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G M
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« Reply #950 on: December 18, 2010, 12:28:36 PM »

http://www.cis.org/identitytheft

Illegal, but Not Undocumented: Identity Theft, Document Fraud, and Illegal Employment
By Ronald W. Mortensen
June 2009
Backgrounders and Reports

Download this Backgrounder as a pdf

Ronald W. Mortensen, PhD, is a retired career U.S. Foreign Service Officer and former Society for Human Resource Management senior executive.

This Backgrounder examines illegal immigration-related document fraud and identity theft that is committed primarily for the purpose of employment. It debunks three common misconceptions: illegal aliens are “undocumented;” the transgressions committed by illegal aliens to obtain jobs are minor; and illegal-alien document fraud and identity theft are victimless crimes. It discusses how some community leaders rationalize these crimes, contributing to a deterioration of the respect for laws in our nation, and presents a variety of remedies, including more widespread electronic verification of work status (E-Verify and the Social Security Number Verification Service) and immigrant outreach programs to explain the ramifications and risks of document fraud and identity theft.

The findings include:

    * Illegal immigrants are not “undocumented.” They have fraudulent documents such as counterfeit Social Security cards, forged drivers licenses, fake “green cards,” and phony birth certificates. Experts suggest that approximately 75 percent of working-age illegal aliens use fraudulent Social Security cards to obtain employment.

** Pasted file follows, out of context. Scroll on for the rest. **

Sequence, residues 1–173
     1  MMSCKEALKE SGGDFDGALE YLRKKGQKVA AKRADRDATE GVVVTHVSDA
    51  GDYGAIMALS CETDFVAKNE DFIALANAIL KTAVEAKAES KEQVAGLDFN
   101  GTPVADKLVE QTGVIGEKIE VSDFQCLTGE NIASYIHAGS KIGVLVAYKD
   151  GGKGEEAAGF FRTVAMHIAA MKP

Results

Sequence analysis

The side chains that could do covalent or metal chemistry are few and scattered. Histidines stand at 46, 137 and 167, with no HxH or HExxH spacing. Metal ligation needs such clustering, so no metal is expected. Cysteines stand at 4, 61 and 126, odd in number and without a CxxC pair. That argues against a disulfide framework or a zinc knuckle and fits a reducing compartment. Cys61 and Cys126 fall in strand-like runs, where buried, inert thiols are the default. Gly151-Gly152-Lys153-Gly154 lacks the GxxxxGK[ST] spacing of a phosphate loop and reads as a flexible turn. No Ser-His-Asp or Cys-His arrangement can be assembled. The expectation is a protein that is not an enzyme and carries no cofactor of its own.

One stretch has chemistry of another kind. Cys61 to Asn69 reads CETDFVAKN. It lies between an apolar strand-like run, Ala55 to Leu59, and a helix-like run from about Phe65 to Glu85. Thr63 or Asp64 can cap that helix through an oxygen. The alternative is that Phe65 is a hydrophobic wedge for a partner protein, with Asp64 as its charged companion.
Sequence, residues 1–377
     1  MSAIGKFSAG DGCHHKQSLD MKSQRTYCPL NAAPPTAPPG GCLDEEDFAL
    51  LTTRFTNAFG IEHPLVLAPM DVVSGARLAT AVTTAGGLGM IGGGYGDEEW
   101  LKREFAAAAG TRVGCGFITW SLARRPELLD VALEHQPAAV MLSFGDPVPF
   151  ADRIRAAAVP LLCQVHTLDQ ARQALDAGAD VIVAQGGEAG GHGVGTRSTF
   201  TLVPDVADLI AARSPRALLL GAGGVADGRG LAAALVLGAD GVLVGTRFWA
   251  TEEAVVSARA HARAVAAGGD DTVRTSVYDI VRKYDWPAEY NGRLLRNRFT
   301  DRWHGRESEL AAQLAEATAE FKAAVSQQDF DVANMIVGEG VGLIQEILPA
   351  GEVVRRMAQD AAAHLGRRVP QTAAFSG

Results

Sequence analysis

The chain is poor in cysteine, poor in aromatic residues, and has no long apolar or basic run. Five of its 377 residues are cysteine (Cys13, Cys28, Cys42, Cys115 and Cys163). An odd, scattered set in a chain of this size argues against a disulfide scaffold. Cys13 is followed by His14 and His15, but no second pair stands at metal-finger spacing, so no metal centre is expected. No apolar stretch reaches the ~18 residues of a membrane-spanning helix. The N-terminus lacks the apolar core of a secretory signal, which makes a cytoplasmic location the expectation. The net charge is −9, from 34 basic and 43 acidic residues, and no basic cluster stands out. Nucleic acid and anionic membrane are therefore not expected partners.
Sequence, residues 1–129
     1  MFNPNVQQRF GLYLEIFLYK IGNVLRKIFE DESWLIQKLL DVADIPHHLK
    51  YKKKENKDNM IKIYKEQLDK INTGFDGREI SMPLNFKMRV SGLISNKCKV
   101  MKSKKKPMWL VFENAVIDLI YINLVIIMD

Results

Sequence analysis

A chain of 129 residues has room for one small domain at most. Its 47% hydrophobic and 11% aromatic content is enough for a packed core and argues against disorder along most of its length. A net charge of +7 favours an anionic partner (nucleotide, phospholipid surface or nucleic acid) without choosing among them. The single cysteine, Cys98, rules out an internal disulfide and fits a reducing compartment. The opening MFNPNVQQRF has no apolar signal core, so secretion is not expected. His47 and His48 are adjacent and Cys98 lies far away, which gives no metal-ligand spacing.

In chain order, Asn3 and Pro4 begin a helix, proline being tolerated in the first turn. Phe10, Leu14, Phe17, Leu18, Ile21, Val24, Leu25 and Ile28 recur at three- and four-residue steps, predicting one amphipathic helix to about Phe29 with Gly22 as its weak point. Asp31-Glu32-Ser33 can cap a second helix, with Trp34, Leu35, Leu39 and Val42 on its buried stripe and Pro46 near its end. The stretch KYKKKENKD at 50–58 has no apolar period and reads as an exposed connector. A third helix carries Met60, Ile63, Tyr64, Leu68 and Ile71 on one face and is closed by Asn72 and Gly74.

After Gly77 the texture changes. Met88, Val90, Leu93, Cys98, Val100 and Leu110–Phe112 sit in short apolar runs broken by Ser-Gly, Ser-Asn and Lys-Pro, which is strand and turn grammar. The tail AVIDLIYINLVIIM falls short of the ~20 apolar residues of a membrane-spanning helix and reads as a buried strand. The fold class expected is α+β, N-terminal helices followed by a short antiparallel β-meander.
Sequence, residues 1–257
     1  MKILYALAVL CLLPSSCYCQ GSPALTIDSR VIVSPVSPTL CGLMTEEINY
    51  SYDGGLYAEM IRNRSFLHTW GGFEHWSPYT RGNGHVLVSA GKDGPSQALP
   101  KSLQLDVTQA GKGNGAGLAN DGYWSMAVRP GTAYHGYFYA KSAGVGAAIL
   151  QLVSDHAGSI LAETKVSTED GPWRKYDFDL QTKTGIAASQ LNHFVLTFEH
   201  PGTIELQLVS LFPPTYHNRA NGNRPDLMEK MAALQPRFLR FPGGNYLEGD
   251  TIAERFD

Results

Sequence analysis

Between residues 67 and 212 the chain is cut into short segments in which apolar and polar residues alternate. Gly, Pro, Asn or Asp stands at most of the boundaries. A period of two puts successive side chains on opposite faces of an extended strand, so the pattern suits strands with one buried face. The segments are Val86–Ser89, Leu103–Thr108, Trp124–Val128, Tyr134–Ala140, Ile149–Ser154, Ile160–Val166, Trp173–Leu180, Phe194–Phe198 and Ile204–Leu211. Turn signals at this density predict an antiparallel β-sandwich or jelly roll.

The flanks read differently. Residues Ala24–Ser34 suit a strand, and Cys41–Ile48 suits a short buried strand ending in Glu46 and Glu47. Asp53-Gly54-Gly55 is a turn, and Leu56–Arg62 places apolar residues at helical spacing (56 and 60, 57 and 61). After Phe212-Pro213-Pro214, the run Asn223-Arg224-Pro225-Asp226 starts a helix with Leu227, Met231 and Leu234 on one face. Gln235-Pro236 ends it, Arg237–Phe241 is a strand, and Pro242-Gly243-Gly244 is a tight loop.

* Most (98 percent) Social Security number (SSN) thieves use their own names with stolen numbers. The federal E-Verify program, now mandated in only 14 states, can detect this fraud. Universal, mandatory use of E-Verify would curb this and stop virtually 100 percent of child identity theft.

    * Illegal immigration and high levels of identity theft go hand-in-hand. States with the most illegal immigration also have high levels of job-related identity theft. In Arizona, 33 percent or all identity theft is job-related (as opposed to identity theft motivated simply by profit). In Texas it is 27 percent; in New Mexico, 23 percent; in Colorado, 22 percent; California, 20 percent; and in Nevada, 16 percent. Eight of the 10 states with the highest percentage of illegal aliens in their total population are among the top 10 states in identity theft (Arizona, California, Florida, Texas, Nevada, New York, Georgia, and Colorado).

    * Children are prime targets. In Arizona, it is estimated that over one million children are victims of identity theft. In Utah, 1,626 companies were found to be paying wages to the SSNs of children on public assistance under the age of 13. These individuals suffer very real and very serious consequences in their lives.

    * Illegal aliens commit felonies in order to get jobs. Illegal aliens who use fraudulent documents, perjure themselves on I-9 forms, and commit identity theft in order to get jobs are committing serious offenses and are not “law abiding.”

    * Illegally employed aliens send billions of dollars annually to their home countries, rather than spending it in the United States and helping stimulate the American economy. In October 2008 alone, $2.4 billion was transferred to Mexico.